What we know about the injury to Dolphins QB Tua Tagovailoa, and what's next

The joint concussion protocol of the NFL and NFL Players Association is facing serious questions Friday,

one day after Miami Dolphins quarterback Tua Tagovailoa suffered a concussion and was briefly hospitalized during his team's 27-15 loss to the Cincinnati Bengals.

The injury occurred with 5 minutes, 15 seconds remaining in the second quarter at Paycor Stadium in Cincinnati.

Tagovailoa's head hit the ground when he was sacked by Bengals defensive lineman Josh Tupou.

Tagovailoa's arms grew rigid and his fingers curled in what appeared to be a "fencing response." Medical officials placed him on a stretcher and wheeled him to an ambulance.

The timing of the concussion ignited renewed scrutiny of the hit Tagovailoa took four days earlier in Miami when he was shoved to the ground by Buffalo Bills linebacker Matt Milano after throwing a pass.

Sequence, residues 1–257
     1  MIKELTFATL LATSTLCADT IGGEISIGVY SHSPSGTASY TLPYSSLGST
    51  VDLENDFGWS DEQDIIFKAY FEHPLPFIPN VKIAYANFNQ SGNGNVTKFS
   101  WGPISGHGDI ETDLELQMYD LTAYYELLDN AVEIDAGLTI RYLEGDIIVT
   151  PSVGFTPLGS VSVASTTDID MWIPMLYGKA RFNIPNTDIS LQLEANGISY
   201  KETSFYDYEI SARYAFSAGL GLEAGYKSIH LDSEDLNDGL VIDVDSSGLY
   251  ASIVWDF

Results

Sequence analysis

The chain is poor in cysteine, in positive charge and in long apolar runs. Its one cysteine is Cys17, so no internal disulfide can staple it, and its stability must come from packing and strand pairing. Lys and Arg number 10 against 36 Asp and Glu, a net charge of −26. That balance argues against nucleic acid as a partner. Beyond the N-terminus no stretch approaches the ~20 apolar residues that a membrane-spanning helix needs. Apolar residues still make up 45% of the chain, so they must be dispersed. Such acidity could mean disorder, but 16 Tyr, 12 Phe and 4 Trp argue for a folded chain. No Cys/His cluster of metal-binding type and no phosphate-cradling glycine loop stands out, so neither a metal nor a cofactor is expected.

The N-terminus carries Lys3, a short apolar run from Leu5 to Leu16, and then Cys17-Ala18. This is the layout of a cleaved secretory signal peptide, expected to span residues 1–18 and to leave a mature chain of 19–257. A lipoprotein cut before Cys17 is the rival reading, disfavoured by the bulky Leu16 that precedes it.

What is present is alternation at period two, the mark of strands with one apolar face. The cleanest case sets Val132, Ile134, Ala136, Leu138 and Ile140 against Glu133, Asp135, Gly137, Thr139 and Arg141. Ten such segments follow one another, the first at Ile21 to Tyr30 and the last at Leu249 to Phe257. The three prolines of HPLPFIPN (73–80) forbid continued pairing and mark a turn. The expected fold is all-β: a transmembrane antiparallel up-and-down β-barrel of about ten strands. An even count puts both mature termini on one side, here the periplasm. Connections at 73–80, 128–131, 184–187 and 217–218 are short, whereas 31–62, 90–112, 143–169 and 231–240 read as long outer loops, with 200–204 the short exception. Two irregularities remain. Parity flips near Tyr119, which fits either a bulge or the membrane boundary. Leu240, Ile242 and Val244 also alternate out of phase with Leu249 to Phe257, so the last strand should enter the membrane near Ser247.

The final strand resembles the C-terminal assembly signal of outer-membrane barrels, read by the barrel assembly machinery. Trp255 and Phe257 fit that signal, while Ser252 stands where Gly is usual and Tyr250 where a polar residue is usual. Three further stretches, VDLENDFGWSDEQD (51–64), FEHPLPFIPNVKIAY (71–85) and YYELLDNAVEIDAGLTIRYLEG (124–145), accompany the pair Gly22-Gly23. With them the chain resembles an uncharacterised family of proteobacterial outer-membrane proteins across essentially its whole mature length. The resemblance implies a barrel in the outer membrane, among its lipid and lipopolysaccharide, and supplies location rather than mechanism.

Tagovailoa grabbed his head and then stumbled after getting off the ground.

The Dolphins originally labeled it a head injury but then later attributed the stumble to ankle and back injuries and allowed him to finish the game after he cleared an evaluation at halftime.

"We'll have all of those interviews," NFL chief medical officer Dr. Allen Sills told the NFL Network.

"We'll review all of the video, we'll review all of the data. And the purpose of that review is to make sure that the concussion protocol was followed."

It was revealed Saturday that the unaffiliated neurotrauma consultant involved in clearing Tagovailoa was fired after it was learned he made "several mistakes," sources told ESPN Dolphins reporter Marcel Louis-Jacques.

The NFL and its players' union said Saturday that modifications to the concussion protocol are needed.

Let's take a closer look at the issues surrounding Tagovailoa's condition,

his next steps and what consequences -- if any -- will arise from an NFL/NFLPA investigation. -- Kevin Seifert

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